Situated at a somewhat isolated spot on Poland’s Baltic coast, the city of Gdansk doesn’t offer as many interesting day trips as the more central Polish cities. But we still find some good options, some of which are very underrated.
Here’s a list of the best day trips from Gdansk, Poland. Including information on how to get to each place, and how long it takes to get there from Gdansk!
Sopot: A Seaside Escape
Escape to the relaxing town of Sopot, just a 20-minute train ride from Gdansk. Known as the “Polish Riviera,” Sopot has pristine beaches, historic sites, art galleries, and very good cuisine. Stroll along Europe’s longest wooden pier, attend a concert at the Forest Opera, or indulge in a meal at a local Polish restaurant. This coastal city is the ideal day trip for those seeking relaxation and cultural experience. If you go in the summer, there’s a good chance you’ll catch a party or two – Sopot is a popular spot among young Poles in the summer months.
To get from Gdansk to Sopot, you simply take a local train. It takes 15 minutes on average.
Gdynia: Maritime Marvel
Immerse yourself in Gdynia’s vibrant maritime history and modern architectural gems. Explore the bustling harbor, visit the Polish Maritime Museum, and stroll along the picturesque Kosciuszko Square. Don’t miss the Emigration Museum or the important Tricity Landscape Park. Gdynia, just 30 minutes from Gdansk by train, promises an extraordinary day trip experience.
Hel: Coastal Charm
Experience the tranquil charm of Hel, a fishing village located at the tip of the Hel Peninsula near Gdansk. With beautiful beaches, maritime museums, and the Hel Seal Sanctuary, this destination offers something for everyone. Go to Hel via a 90-minute scenic train ride or a seasonal ferry service from Gdansk. A great option in the warmer months of the year!
Malbork: Medieval Majesty
An obvious destination all year round. Check out the majesty of Malbork, home to one of Europe’s largest and best-preserved medieval castles. This UNESCO World Heritage Site is a must-visit for anyone interested in history and architecture. From Gdansk, you simply take a 1-hour train ride through the tranquil Polish countryside to reach Malbork. The castle should be the main priority, and after you’ve seen it you can start focusing on some of the other cool sights around Malbork.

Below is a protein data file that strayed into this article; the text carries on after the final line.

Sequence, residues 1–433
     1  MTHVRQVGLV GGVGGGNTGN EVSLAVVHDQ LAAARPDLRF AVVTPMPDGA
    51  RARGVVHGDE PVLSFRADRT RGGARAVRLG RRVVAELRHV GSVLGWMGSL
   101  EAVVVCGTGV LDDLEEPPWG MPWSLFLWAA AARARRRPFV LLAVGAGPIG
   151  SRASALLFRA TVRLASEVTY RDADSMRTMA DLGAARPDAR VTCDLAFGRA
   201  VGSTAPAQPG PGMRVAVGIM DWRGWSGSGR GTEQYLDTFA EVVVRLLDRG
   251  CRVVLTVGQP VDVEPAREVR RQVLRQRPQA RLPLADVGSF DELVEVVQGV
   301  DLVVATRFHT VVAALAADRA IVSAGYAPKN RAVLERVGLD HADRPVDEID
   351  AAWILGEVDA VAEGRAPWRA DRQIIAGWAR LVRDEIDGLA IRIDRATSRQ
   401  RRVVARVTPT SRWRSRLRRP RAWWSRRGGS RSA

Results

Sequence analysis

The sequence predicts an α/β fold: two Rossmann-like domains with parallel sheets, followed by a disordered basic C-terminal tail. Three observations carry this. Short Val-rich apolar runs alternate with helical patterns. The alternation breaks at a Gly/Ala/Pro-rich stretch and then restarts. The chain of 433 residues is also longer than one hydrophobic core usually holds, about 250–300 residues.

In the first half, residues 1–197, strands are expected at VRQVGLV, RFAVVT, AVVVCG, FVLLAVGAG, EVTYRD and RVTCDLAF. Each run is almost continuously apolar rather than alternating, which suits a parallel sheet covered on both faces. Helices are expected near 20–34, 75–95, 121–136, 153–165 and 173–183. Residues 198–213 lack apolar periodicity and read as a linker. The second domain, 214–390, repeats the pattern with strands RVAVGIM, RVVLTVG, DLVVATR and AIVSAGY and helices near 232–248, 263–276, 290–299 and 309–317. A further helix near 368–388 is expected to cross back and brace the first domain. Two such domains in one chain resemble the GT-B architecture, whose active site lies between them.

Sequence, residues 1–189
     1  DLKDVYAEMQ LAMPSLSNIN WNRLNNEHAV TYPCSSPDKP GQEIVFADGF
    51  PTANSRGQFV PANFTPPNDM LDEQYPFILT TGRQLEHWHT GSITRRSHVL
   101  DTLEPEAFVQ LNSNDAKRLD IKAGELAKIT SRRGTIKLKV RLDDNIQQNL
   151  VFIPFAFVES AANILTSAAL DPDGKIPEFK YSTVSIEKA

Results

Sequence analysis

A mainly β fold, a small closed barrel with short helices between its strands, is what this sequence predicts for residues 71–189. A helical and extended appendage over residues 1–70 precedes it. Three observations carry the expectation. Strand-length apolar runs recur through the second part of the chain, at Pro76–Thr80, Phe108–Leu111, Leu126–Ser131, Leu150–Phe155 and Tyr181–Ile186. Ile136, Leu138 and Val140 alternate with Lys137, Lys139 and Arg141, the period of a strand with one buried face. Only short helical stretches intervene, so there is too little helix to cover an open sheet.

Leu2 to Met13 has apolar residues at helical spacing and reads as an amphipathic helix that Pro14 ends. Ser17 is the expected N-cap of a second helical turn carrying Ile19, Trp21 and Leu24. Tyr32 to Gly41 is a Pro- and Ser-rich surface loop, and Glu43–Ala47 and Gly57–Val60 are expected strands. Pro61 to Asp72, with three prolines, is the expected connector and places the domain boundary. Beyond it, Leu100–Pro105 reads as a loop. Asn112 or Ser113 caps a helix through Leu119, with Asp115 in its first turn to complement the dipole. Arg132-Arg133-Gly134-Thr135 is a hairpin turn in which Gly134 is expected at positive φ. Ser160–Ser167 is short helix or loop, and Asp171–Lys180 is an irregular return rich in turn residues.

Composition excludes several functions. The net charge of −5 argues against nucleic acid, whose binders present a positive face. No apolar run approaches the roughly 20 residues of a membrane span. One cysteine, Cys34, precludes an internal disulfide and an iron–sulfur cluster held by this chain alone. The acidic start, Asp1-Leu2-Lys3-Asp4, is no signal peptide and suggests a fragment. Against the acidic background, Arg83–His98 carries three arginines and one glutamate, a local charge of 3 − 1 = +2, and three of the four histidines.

Stutthof: A Poignant Reminder
Honor the victims of the Holocaust with a visit to Stutthof, one of the earliest and longest-operating Nazi concentration camps. Visiting the site can be a bit sad, yet you can gain valuable insights. The Stutthof Museum offers a powerful experience, bearing witness to the suffering endured by the camp’s prisoners. Reach Stutthof in about one and a half hours from Gdansk by bus or private tour. The latter is probably best, as there will be a guide going with you, although it will also be pricier.
Elblag: A Hidden Gem
Discover the charm and history of Elblag, a captivating city just 1.5 hours from Gdansk by train or car. Explore the classic Old Town, marvel at the stunning St. Nicholas Cathedral, and embark on a unique boat trip along the Elblag Canal. This day trip promises to leave a lasting impression – it’s a great option for anyone interested in a cultural experience.
Kolobrzeg: Coastal Delight
You may also venture to Kolobrzeg, a seaside resort renowned for its therapeutic spas and unspoiled sandy beaches. Visit the Kolobrzeg Museum, iconic lighthouse, and scenic promenade. The journey from Gdansk to Kolobrzeg takes approximately 3 hours by train, providing a convenient and enjoyable means of transport, although slightly long. The city was previously known as Kolberg and has a German history as well. Staying for more than one day should be considered, but a day trip is definitely possible.
Poznan: Cultural Fusion
Explore the youthful city of Poznan, brimming with history and a lively atmosphere. Wander through the stunning Old Market Square, visit the Archcathedral Basilica of St. Peter and St. Paul, and try out the city’s exceptional culinary scene. From Gdansk to Poznan, it takes just around 3 hours by train, and consider extending your stay to fully appreciate this remarkable destination. It’s one of Poland’s most characteristic cities. It has a lot of young people and feels more multicultural than other parts of the country. An ideal stay would be 2-3 days, but even in 1 day you can get some solid experiences.
Warsaw: The Heart of Poland
Uncover the fascinating blend of history, culture, and modernity of the country’s capital by taking a day trip – or staying a bit longer – in amazing Warsaw.
It’s a dynamic destination in many ways. As you wander through Warsaw’s picturesque Old Town, a UNESCO World Heritage site reconstructed after World War II, you’ll be transported back in time. The majestic Royal Castle stands proudly, bearing witness to the city’s resilience and grandeur. Delve deeper into Warsaw’s tumultuous past at the Warsaw Uprising Museum which provides powerful insights into the city’s history.
With a travel time of approximately 2.5-3 hours by train from Gdansk, Warsaw is a convenient and comfortable day trip destination. As you journey through the terrain of Poland, anticipation builds for the fascinating capital city.
In Conclusion: Embrace the Adventure
Each of these day trips from Gdansk showcases the diverse beauty, rich history, and vibrant culture that Poland has to offer – particularly the northern and central sections of the country. Whether you’re drawn to the seaside charm of Sopot, the maritime heritage of Gdynia, the tranquil allure of Hel, or the historical marvels of Malbork, Poznań, and Warsaw, you’re sure to find an adventure that speaks to your heart.
So go ahead, venture beyond Gdansk’s city limits, and discover the wonders that await you. These day trips from Gdansk could leave you with a newfound love for this remarkable country. Happy travels!